Unless you have the opportunity to view birds up close, you might miss that their eyes vary in color as much (or more) than those of humans. From a distance, many birds appear to have black eyes; but when viewed closer you can see, in the case of this Blue Jay, that its eyes are brown. In other species the colors range from brown to red to orange to blue to green.
I had a plan today. It went awry as plans so often do. My plan was to wait patiently until one of the Downy Woodpeckers brought a youngster in close enough to photograph. I did have such a moment but the sun was beaming down intensely which does not make for pleasing photos of black and white birds (no matter how cute they may be.) My back up plan was to photograph one of the three baby robins that have been hanging around. Nope - they were way too flighty and stayed way too far for decent shots.) The bluebirds were also in crap light - part sun/part shade which equals cursing for photographer.
But the blue jays...oh, yes, the blue jays. I tossed a few peanuts out and my three friends appeared. I wonder if they are the same three who were here last summer? They are extremely tame and will approach within a few feet of me to grab peanuts. And as you can see from this shot, they aren't alarmed - their crests are down which is an indication that they are feeling comfortable. This was taken from a distance of less than 5 feet and cropped to show just the head/neck. One of the other jays is in Extra. Let's see if you can tell them apart (hint - look at the black "chin strap").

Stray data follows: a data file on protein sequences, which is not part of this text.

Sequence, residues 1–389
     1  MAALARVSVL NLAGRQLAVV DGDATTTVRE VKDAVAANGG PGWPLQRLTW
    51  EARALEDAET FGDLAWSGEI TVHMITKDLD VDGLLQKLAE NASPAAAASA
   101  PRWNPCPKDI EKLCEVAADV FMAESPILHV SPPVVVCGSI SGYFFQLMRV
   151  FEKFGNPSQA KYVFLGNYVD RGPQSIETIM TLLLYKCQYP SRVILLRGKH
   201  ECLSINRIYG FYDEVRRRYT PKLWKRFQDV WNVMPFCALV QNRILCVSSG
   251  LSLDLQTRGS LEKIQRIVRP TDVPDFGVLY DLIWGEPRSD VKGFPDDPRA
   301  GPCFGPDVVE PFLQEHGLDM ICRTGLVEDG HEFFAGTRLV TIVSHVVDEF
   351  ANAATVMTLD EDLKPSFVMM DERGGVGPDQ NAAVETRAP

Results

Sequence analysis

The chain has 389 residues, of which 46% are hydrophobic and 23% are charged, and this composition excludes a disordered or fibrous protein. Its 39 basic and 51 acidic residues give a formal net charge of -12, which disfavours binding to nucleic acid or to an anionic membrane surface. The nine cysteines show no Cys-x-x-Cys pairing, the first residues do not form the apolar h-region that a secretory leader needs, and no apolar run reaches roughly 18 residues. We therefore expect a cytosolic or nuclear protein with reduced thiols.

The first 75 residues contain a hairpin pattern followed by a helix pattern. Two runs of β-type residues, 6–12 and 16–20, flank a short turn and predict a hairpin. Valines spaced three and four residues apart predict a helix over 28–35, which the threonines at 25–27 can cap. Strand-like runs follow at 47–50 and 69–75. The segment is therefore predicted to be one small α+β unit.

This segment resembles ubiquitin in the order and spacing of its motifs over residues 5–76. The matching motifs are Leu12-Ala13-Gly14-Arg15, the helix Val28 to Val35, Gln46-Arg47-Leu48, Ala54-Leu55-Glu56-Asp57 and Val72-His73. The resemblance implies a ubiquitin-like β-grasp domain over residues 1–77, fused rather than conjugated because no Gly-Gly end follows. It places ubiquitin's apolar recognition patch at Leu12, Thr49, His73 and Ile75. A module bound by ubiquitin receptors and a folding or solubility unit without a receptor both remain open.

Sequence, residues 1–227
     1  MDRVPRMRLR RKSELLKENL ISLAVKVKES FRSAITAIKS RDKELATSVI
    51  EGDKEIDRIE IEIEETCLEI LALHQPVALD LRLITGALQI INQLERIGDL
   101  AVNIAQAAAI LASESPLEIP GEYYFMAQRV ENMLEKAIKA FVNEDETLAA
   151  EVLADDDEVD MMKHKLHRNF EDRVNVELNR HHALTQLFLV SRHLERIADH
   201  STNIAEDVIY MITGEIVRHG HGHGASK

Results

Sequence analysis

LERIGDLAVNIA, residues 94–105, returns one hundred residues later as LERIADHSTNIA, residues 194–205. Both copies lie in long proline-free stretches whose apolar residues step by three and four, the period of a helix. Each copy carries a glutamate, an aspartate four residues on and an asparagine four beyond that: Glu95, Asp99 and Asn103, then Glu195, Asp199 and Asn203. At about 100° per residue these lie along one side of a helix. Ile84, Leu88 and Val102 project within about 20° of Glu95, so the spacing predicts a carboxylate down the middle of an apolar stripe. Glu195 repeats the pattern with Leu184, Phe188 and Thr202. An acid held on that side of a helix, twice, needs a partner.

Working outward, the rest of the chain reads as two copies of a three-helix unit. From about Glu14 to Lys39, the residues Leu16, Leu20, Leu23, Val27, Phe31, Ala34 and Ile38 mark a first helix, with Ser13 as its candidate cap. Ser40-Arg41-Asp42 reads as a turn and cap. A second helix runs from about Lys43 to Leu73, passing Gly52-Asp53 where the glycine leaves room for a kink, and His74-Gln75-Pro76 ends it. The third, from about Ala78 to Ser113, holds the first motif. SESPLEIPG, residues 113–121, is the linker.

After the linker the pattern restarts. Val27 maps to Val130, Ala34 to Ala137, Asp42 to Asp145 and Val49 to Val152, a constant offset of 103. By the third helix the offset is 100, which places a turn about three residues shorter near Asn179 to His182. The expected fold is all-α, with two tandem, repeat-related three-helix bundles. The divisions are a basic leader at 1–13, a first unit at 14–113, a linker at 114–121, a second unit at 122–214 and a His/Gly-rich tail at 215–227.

I am also using this image to record yardbird #28 for this year.
This evening we are heading over to our neighbor's farm to join them for socially distant mojitos on their deck overlooking the farm fields. It will be great fun, as it always is when we spend time with them. Then, tomorrow morning I am meeting up with one of my naturalist friends for a walk along a favorite trail. As we did last week when we met, we'll stay apart and wear masks.
As things in my area (New York and New Jersey) continue to get better, I watch other parts of the country and world heading in a frightening direction. I know that it is inconvenient to wear a mask, and that staying "socially distant" is hard...but the alternative is so, so much more "inconvenient". I don't have to look back very far to remember when our hospitals were overflowing, when the funeral homes couldn't keep up with the deaths, when life seemed unimaginably fragile and uncertain.
So, please, do what you must to keep yourselves and others safe. Be kind, be loving, be patient.